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Poll: Tuition-Free Community College — Smart Move or Dumb Mistake?

Under the ‘Murphy plan,’ students get a free ride at NJ’s two-year schools. Guadagno says the middle class will wind up footing the bill

Democratic gubernatorial candidate Phil Murphy announced earlier this week that, if he wins the election this fall, his goal is to make community college tuition-free across New Jersey.

The proposal was part of a broader policy platform aimed at improving the state economy by boosting opportunities for women, minorities, and the disabled. But the campaign of Republican candidate Kim Guadagno also weighed in, questioning how state taxpayers would be able to take on the added financial burden — estimated by the Murphy camp to be as much as $200 million — without facing major tax hikes.

Should New Jersey be the next state to offer free community college?

  • I believe in small government, and the last thing that the state should be in the business of doing is completely subsidizing community college tuition. It’s that simple.

  • I do like the concept of this proposal, but I think completely free tuition takes things too far. If there’s $200 million available in the always-tight state budget, that money should be used to expand existing state programs that help students afford to attend college.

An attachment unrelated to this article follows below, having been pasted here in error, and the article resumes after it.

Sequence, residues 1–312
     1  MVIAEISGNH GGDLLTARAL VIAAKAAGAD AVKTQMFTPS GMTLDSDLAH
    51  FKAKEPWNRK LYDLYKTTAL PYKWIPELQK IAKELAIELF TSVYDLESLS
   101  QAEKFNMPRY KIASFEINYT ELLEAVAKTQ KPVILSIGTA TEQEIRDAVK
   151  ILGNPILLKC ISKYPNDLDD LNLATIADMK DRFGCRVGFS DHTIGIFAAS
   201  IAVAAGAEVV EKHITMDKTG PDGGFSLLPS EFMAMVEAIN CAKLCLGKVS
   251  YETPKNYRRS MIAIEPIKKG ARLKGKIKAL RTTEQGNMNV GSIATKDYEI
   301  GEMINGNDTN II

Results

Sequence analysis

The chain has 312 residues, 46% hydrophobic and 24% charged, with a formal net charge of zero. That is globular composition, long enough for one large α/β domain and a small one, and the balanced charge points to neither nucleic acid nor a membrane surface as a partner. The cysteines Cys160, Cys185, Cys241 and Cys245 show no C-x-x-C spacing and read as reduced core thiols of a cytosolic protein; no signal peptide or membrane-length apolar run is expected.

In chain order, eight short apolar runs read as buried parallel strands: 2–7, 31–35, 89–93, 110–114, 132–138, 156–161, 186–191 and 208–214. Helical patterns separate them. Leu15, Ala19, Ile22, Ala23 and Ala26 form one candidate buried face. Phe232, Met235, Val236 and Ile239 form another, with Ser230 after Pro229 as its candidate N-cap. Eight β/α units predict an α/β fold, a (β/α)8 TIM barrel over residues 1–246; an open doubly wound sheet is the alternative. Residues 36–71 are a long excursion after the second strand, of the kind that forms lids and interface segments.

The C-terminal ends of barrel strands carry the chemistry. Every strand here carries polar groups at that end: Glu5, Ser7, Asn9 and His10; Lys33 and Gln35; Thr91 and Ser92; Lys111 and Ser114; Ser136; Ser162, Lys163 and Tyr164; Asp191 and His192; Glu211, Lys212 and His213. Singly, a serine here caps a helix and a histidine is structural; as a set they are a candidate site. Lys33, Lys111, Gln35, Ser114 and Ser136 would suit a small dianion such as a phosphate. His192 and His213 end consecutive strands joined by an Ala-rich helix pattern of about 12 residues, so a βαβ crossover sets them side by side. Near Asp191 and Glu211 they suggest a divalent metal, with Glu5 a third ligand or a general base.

• One thing that no one is really considering is how this could impact the state’s four-year colleges and universities. If we start offering free college tuition, will we see big drop off at the four-year colleges? That could lead to even higher tuition or force schools to lay off workers, and no one wants to see that happen.

  • You have to look at this as an investment. New Jersey taxpayers already invest heavily in the K-12 school districts, but millennials have been leaving the state in droves for a variety of reasons. Will this keep more of them here? If so, it would ultimately contribute to our economy.

  • This is a great idea. First, New Jersey businesses keep asking the state to offer training in technical areas that they say don’t need a four-year liberal arts degree. But they need post-secondary education that provides them the skills they need. That will be a boost to our economy. Second, it is a real solution to the problem of sky-high college costs that can bankrupt families or saddle students with years of debt. Take two years at community college, and then transfer to the school of their choice. Now, that makes sense.

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